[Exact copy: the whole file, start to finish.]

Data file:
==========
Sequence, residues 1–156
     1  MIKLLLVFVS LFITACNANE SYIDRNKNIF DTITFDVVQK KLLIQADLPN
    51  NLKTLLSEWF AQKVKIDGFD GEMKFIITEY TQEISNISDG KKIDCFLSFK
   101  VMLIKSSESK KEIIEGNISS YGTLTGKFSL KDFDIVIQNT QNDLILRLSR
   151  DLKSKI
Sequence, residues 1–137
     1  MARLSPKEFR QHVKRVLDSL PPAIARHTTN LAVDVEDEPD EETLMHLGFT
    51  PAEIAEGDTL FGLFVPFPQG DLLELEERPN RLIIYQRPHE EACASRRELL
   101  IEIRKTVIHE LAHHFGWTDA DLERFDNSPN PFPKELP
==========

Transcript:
Sequence, residues 1–156
     1  MIKLLLVFVS LFITACNANE SYIDRNKNIF DTITFDVVQK KLLIQADLPN
    51  NLKTLLSEWF AQKVKIDGFD GEMKFIITEY TQEISNISDG KKIDCFLSFK
   101  VMLIKSSESK KEIIEGNISS YGTLTGKFSL KDFDIVIQNT QNDLILRLSR
   151  DLKSKI
Sequence, residues 1–137
     1  MARLSPKEFR QHVKRVLDSL PPAIARHTTN LAVDVEDEPD EETLMHLGFT
    51  PAEIAEGDTL FGLFVPFPQG DLLELEERPN RLIIYQRPHE EACASRRELL
   101  IEIRKTVIHE LAHHFGWTDA DLERFDNSPN PFPKELP